Supreme Court To Decide Fate Of Global Warming Litigation In American Electric Power Co. v. Connecticut


On December 6, 2010, the Supreme Court granted certiorari in American Electric Power Co. v. Connecticut, a federal nuisance case on appeal from the Second Circuit. Plaintiffs -- eight states, the City of New York and three non-profit land trusts -- seek abatement and reduction of greenhouse gas emissions from defendants, who include some of the United States’ largest electric utility companies. The Second Circuit ruled that: (1) the case did not present a non-justiciable political question, (2) the plaintiffs have standing, (3) the plaintiffs stated claims under the federal common law of nuisance, (4) the plaintiffs' claims are not displaced by the Clean Air Act ("CAA"), and, finally, (5) the Tennessee Valley Authority (“TVA”), a quasi-governmental defendant, is not immune from the suit. See Connecticut v. American Electric Power Co., 582 F.3d 309 (2nd Cir. 2009). This article summarizes the Second Circuit's lengthy decision, the implications of such, and the impending Supreme Court review.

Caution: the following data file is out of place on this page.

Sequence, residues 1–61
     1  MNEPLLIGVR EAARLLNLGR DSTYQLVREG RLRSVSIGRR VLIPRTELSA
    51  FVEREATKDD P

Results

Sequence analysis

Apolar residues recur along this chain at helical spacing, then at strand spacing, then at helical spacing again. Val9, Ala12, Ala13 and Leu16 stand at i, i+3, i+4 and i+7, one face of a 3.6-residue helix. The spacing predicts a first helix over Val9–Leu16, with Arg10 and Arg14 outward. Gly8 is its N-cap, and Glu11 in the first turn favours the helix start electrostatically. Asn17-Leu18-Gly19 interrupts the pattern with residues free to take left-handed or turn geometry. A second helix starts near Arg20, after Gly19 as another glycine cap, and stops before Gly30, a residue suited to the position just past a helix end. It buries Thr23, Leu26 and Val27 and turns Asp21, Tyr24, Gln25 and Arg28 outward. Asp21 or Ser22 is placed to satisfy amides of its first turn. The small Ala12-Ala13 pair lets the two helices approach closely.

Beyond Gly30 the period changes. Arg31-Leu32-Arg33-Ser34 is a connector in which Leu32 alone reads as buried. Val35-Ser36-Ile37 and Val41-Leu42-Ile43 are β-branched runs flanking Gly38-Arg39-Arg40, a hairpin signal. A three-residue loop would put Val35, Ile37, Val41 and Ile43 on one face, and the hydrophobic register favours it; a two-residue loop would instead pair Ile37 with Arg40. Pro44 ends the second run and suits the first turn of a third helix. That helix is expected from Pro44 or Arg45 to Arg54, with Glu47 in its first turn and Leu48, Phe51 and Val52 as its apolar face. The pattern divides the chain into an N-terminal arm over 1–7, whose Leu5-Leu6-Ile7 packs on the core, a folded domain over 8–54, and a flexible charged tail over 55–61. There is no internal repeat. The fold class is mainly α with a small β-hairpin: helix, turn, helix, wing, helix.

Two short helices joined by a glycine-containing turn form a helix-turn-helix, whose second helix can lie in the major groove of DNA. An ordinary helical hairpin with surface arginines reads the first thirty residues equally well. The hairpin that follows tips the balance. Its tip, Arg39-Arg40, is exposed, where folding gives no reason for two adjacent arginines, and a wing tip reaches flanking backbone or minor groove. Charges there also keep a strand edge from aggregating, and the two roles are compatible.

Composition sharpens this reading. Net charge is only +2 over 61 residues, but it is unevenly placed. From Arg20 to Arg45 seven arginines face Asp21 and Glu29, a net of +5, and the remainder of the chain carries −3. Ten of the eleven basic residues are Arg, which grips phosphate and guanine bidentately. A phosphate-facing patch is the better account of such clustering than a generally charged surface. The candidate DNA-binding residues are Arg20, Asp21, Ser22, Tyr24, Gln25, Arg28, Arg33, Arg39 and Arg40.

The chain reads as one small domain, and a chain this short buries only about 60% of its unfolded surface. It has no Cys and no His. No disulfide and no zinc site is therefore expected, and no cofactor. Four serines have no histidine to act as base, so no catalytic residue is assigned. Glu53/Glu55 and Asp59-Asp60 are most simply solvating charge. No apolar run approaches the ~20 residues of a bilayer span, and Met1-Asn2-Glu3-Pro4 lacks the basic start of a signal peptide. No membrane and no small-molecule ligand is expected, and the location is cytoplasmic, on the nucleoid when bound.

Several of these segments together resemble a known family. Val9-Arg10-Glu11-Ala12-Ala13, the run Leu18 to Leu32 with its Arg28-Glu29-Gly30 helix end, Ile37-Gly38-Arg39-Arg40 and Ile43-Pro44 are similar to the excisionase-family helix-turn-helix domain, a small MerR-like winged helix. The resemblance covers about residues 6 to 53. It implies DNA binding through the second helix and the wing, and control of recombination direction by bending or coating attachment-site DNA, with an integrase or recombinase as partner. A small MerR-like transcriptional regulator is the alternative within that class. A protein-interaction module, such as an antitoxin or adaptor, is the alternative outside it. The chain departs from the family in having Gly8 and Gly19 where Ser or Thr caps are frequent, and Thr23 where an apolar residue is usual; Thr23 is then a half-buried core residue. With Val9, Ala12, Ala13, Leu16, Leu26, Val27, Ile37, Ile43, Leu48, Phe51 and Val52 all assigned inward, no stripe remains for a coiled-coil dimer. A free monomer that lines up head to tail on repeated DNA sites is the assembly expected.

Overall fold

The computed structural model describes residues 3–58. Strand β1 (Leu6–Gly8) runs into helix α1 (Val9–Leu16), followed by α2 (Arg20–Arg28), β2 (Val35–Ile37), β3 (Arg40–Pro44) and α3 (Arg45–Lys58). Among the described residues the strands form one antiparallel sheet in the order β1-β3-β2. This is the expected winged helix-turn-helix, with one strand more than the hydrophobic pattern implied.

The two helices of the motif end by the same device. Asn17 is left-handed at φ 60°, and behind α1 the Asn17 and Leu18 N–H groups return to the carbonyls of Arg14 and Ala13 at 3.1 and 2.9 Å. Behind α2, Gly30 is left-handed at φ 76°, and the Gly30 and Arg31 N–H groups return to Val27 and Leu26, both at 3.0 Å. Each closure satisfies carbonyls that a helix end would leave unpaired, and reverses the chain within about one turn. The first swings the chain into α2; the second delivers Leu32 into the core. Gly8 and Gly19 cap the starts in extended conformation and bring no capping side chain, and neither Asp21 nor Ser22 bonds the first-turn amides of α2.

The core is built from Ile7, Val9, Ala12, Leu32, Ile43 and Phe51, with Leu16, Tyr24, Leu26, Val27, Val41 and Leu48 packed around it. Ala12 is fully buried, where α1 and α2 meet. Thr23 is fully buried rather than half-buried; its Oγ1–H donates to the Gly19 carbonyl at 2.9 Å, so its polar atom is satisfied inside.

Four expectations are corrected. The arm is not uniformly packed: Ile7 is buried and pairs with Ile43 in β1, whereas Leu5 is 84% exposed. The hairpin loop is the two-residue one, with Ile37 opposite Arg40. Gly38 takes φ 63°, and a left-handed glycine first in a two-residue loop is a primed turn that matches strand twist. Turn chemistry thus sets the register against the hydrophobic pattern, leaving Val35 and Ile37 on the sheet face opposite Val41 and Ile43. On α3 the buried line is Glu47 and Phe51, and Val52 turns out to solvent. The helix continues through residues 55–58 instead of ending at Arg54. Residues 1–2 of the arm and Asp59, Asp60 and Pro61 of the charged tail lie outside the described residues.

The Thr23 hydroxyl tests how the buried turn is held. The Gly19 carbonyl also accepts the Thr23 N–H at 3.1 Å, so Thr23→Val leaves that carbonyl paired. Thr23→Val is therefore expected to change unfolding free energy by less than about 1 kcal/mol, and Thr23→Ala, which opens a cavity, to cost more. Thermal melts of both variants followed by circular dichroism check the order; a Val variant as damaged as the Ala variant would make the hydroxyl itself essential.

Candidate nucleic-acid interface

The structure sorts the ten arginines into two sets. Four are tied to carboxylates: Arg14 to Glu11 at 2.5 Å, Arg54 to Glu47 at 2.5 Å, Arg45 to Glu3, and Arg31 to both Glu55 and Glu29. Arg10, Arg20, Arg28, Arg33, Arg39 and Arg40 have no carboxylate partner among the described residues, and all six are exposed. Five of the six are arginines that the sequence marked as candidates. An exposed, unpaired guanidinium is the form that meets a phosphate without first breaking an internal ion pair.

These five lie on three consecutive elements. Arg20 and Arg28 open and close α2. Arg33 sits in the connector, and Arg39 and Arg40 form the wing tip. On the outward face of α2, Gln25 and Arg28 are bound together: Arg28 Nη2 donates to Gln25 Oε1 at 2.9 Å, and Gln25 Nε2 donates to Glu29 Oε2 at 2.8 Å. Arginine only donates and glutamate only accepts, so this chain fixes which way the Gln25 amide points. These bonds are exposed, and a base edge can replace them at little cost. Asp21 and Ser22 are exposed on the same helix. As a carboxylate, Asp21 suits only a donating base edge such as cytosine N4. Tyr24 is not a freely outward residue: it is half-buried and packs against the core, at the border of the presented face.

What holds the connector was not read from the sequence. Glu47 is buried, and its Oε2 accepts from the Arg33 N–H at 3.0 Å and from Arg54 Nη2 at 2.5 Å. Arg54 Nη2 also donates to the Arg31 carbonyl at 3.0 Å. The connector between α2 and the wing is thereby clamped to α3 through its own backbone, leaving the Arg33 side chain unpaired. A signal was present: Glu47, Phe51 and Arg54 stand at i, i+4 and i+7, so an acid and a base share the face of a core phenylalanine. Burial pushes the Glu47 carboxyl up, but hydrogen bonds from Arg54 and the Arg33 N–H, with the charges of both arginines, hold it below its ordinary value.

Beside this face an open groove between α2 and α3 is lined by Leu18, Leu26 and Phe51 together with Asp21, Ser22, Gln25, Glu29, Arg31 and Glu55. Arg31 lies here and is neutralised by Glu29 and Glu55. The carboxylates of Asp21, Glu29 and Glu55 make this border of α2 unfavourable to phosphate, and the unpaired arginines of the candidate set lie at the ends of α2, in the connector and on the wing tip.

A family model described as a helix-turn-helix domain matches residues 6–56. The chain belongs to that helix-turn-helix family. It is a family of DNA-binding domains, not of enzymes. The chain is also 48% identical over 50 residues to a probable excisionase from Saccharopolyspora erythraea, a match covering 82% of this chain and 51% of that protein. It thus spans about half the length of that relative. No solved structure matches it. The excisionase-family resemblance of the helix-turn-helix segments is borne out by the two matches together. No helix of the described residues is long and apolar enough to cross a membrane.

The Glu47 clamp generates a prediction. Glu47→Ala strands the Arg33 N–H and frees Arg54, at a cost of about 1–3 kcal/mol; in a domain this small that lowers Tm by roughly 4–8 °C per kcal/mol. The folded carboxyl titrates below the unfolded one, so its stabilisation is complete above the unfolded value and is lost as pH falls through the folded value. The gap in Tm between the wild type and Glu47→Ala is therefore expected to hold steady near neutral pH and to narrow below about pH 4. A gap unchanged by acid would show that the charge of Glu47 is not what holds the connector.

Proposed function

A. Background

The Plaintiffs in the case consist of eight States, the City of New York, and three non-profit land trusts that "acquire and maintain ecologically significant and sensitive properties for scientific and educational purpose, and for human use and enjoyment" (the "Trusts"). Plaintiffs sued multiple electric power corporations that own and operate fossil-fuel-fired power plants in twenty states (the "Defendants"), under the federal common law of nuisance, and under state nuisance law in the alternative. Specifically, the complaints allege that Defendants are contributing significantly to the global warming crisis which, in turn, is causing Plaintiffs extensive current and future injuries. Plaintiffs seek to force Defendants to cap and then reduce their carbon dioxide emissions.

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